3rd Place — Northwest Division
You don’t have to be a genius to figure that the Blazers are going to take a few steps back this season. Without LaMarcus Aldridge, Robin Lopez, Wesley Matthews, Nic Batum and Arron Afflalo, they immediately go from being a team that seemed to be one piece away from contending for it all to a team that is a major piece away from even being competitive in the conference. Sounds a bit harsh, I know, but let’s not spend too much time discussing whether or not I’m down on the Blazers. Instead, let’s ask ourselves the most important question: who’s going to be dead last in the Northwest Division? As I see it, the Thunder should cakewalk to the division title while the others will be fighting to remain relevant come Christmas time. Obviously, Damian Lillard is one of the top point guards the league has to offer, and to the front office’s credit, they have retooled their roster with a lot of young pieces that will grow with Lillard over the years. As a top flight organization and with a good front office, I expect the Blazers to once again rise toward the top of the Western Conference, but it’ll likely take them at least two to three years. At least. Godspeed to all my friends out in Rip City.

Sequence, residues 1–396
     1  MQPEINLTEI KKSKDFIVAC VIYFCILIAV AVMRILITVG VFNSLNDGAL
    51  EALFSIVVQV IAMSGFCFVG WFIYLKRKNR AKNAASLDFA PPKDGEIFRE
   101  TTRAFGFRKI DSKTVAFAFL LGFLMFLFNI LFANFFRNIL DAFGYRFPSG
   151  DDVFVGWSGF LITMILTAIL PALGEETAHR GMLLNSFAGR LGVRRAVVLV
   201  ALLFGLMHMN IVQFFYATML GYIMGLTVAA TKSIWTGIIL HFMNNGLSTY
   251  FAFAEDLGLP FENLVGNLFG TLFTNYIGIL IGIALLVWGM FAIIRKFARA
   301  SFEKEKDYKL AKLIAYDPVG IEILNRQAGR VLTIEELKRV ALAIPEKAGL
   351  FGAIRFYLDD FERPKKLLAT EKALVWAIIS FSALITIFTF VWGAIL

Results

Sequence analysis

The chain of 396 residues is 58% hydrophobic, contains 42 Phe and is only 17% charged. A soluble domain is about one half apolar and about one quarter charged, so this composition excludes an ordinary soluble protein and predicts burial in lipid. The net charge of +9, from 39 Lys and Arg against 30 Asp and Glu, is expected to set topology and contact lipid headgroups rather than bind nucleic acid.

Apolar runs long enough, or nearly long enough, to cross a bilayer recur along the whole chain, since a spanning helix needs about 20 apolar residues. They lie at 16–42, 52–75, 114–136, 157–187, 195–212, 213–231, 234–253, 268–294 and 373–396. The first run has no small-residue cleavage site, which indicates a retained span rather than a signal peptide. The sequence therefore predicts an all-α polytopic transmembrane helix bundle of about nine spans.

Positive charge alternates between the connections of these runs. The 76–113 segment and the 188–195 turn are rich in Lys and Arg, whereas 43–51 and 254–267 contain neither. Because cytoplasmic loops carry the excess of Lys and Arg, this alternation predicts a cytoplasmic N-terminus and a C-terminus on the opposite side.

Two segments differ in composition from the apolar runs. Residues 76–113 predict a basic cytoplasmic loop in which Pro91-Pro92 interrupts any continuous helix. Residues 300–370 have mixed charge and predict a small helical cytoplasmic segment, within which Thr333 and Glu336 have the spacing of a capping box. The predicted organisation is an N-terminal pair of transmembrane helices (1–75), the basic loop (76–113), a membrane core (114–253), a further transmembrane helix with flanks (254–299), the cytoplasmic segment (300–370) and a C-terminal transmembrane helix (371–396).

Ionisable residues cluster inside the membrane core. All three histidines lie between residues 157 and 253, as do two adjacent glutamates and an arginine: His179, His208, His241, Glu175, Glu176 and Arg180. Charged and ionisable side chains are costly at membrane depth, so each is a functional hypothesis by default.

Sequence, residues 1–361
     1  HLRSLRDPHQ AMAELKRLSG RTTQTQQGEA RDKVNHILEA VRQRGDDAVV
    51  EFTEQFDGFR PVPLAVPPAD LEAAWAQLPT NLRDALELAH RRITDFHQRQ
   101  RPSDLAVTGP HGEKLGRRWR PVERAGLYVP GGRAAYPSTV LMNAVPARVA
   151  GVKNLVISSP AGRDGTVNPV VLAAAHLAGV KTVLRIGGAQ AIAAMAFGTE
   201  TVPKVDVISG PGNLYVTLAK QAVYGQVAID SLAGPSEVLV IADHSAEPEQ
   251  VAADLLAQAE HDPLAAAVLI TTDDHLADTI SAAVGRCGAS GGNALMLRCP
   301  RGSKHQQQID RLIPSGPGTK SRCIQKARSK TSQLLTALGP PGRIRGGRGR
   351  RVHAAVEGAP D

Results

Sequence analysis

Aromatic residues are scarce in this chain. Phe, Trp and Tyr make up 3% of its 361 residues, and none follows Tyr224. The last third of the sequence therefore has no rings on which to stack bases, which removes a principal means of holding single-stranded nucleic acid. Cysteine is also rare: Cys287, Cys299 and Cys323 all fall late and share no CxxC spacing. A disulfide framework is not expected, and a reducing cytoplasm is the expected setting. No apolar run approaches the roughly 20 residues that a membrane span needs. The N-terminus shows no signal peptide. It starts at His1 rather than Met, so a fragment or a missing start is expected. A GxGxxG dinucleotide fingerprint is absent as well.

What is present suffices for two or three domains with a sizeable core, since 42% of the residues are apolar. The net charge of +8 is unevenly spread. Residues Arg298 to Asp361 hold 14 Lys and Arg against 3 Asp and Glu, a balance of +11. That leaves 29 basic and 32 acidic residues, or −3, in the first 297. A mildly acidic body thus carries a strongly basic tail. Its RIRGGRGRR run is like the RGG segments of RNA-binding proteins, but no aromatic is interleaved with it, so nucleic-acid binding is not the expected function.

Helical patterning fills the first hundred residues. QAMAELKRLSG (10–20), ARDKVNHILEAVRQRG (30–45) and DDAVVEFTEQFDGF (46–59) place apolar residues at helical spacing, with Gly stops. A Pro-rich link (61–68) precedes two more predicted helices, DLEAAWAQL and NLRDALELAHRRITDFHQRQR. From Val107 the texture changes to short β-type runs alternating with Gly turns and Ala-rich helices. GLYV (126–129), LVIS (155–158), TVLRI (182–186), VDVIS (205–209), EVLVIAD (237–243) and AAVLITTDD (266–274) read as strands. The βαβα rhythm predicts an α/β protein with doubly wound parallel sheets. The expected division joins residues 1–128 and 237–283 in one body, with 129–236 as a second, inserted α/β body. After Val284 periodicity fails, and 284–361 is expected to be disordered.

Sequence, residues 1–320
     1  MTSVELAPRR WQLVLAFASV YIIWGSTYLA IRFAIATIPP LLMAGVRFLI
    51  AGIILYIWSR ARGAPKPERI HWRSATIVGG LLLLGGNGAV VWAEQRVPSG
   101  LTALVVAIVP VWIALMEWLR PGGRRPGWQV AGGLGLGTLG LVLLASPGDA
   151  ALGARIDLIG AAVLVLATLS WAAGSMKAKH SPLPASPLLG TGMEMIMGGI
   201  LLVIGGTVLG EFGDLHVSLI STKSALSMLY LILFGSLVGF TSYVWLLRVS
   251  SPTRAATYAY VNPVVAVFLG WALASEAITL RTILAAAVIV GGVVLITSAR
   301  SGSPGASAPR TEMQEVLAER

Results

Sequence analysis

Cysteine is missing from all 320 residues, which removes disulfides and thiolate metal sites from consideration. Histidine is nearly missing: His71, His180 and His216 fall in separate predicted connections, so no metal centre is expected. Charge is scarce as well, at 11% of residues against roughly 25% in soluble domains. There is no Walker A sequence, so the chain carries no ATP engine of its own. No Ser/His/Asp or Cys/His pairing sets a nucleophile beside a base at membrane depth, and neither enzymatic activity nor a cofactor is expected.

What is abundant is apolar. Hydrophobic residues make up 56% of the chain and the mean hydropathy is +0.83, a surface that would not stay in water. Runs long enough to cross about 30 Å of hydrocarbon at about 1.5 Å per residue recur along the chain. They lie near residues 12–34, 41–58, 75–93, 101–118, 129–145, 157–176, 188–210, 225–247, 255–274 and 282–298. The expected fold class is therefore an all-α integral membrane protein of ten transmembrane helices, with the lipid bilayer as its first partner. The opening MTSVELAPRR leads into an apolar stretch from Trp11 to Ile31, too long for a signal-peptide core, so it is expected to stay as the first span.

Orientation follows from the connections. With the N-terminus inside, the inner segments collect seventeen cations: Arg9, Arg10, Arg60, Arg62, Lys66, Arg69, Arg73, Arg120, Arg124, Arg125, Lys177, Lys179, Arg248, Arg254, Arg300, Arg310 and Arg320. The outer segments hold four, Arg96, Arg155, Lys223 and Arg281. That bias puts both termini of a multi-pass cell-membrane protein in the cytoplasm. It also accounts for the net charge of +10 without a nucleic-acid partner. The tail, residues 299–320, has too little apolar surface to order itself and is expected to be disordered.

4th Place — Northwest Division
A before and after photo of the Trail Blazers’ roster from last season will be drastically different. Star players LaMarcus Aldridge and Wesley Matthews left the team in free agency. Now, Damian Lillard, 25, and Meyers Leonard, 23, are the team’s veteran leaders. During Summer League Leonard said he was looking forward to building a new squad with Lillard. The Trail Blazers were early movers in free agency, quickly signing Al-Farouq Aminu. They also focused on their frontcourt by acquiring Mason Plumlee and Noah Vonleh. Watch for Vonleh, who noticeably added muscle to his frame at Summer League, to improve from his rookie season. The acquisition of Mike Miller gives the young team a championship-winning voice in the locker room who can still knock down shots. This season will be a rebuilding one for the Trail Blazers after losing two of its top contributors.
2nd Place — Northwest Division